Paul's Internet Landfill/ 2016/ Private Refugees

Private Refugees

In my social circles and across the country, well-meaning community members are banding together to sponsor Syrian refugees. In addition to official government refugees the Canadian government has some program that allows private individuals and groups to sponsor refugees themselves. It costs a lot of money to do this, which is one reason people are organizing themselves into sponsorship groups.

There are a lot of criticisms one might make about private refugee sponsorship and a lot of criticisms one might make about the focus on Syria. But overall I am heartened by the process so far. I think private sponsorship of refugees is probably more effective than government sponsorship.

First, when people get together to collectively sponsor a refugee they strengthen community bonds. I find that working together on projects with others is a better way of building relationships than parties or meet-and-greets or other misguided attempts at community building. (Do you remember students who partnered with you on class projects in high school? I do.) Some of the bonds formed as people fundraise and support their refugees will last decades.

Second, collective sponsorship of refugees means those refugees will have built-in support networks when they arrive. There will be multiple people who can help newcomers settle in and integrate into Canadian society. In many cases, I believe these supports will last longer and be stronger than government-run or nonprofit supports, because the latter only support their "clients" so long as funding is available. Community members do not have the same constraints.

Third, sponsoring refugees will give the sponsors valuable insights and understandings into refugee issues and the complexity of other human beings. Not all of the understandings will be positive; my perceptions of poor people have changed significantly since I got involved with Recycle Cycles and the cult, and in some ways I am more exasperated with poor people than I was before. But even this is worthwhile, because reducing ignorance is a net positive. I may be more cynical about poor people, but I am even more cynical about the naive solutions people who have never interacted with poor people proffer to solve poverty.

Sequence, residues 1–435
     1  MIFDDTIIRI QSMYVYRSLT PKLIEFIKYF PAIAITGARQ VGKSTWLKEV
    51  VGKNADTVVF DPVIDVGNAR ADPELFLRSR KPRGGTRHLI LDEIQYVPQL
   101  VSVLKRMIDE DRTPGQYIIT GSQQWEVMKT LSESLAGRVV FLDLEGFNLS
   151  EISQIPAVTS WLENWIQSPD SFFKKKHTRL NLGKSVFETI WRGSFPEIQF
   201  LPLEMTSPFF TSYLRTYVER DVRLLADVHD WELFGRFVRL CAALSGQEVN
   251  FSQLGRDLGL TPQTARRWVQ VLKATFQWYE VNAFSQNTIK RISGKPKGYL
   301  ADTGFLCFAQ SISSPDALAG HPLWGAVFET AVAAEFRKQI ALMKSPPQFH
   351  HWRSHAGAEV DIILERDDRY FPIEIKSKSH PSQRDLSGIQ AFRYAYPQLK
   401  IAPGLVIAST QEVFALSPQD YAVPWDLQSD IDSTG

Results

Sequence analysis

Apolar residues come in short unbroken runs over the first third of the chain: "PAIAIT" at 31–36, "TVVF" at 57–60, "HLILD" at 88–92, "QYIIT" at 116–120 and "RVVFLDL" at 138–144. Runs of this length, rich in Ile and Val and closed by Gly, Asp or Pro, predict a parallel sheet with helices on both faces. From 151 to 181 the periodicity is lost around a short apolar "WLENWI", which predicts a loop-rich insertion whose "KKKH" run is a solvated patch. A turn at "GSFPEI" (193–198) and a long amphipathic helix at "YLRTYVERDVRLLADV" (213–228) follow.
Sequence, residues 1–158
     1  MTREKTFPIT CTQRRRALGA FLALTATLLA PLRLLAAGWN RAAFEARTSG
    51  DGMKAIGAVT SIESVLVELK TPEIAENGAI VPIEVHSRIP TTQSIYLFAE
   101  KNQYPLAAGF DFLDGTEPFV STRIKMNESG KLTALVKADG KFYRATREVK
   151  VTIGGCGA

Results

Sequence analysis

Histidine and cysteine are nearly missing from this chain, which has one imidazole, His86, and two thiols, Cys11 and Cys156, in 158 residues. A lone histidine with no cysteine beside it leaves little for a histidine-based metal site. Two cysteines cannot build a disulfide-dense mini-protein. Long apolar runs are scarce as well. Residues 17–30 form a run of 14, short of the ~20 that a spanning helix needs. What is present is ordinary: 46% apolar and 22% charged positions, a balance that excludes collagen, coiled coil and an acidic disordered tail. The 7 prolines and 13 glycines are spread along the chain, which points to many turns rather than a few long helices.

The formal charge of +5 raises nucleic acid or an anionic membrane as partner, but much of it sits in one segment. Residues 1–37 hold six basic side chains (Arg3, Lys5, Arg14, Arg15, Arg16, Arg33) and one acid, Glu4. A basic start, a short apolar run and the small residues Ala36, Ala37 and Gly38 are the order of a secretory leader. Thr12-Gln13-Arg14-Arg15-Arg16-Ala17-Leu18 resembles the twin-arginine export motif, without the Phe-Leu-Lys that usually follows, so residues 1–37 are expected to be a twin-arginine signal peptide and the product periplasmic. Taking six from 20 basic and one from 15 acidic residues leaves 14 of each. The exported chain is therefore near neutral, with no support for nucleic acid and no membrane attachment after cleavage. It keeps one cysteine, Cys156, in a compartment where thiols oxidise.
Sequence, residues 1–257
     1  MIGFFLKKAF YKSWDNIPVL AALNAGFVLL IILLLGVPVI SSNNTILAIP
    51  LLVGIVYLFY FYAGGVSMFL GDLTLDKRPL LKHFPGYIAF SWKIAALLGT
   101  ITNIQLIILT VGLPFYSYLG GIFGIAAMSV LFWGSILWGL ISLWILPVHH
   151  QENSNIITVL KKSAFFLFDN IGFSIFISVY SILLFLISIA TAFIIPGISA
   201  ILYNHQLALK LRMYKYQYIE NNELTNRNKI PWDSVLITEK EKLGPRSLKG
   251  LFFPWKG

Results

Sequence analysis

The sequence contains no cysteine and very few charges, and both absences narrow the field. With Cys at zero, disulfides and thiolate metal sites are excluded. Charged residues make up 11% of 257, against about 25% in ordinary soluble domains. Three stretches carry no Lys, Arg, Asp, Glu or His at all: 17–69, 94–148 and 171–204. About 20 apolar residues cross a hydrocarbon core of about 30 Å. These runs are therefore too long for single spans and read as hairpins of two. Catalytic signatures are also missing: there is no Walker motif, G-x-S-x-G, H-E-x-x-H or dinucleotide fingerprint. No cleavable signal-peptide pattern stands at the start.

Fourth, it is a great benefit to get regular Canadians involved in the refugee process directly, because this fosters a sense of involvement and further reduces xenophobia. The fact that many of the sponsoring groups is an added advantage, because it promotes social mixing. When institutions subsequently crack down on refugee rights, maybe more people will notice and speak up.

Fifth, there is a small chance that this could turn into a virtuous circle. The sponsorship craze was spurred on by news stories and awful photographs. Maybe once groups have gone through one round of sponsorship, they will keep up the habit. Maybe some of Syrian refugees will settle in Canada and then "pay it forward" by sponsoring others.

If these arguments sound wishful, you're probably right. I have no illusions that every private sponsorship will be successful. Sometimes the groups that formed in good faith to sponsor a refugee family will fall apart through neglect or petty political conflict. Some refugees will not find a good support network within their sponsors, and will be left to fend on their own. Some sponsors will discover unpleasant things about their refugees and become more bitter and xenophobic, ot less. Some other news story will tug at our hearts and this fashion of sponsoring refugees will be forgotten. In a few months (or weeks) the media backlash against adopting refugees will begin. But on the whole I feel that people are working together and taking responsibility for refugees in ways that they would not have if the government took all the responsibility for itself, and I feel that is a good thing.

Even though I work for a nonprofit institution I do not trust nonprofit institutions, any more than I trust governments or businesses. What else is there? According to John McKnight in his book The Careless Society, the answer is community. Citizens in community have the capacity to care for and contribute to each other in ways that are closed to larger institutions. Community groups are too small to solve every societal problem, but they are a good size to sponsor small groups of refugees. Intentionally or not, the (Conservative?) federal government set up private sponsorships with the right set of constraints for community groups to address effectively, and in this circumstance Canadians have taken advantage of that. Let's hope it plays out well.